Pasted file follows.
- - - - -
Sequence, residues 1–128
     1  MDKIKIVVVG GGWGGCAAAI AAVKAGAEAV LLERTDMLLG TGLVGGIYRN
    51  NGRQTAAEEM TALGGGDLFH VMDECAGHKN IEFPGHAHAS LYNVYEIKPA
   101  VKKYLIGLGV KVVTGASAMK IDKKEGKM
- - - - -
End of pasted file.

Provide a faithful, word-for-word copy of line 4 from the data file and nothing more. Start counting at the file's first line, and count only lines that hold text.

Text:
   101  VKKYLIGLGV KVVTGASAMK IDKKEGKM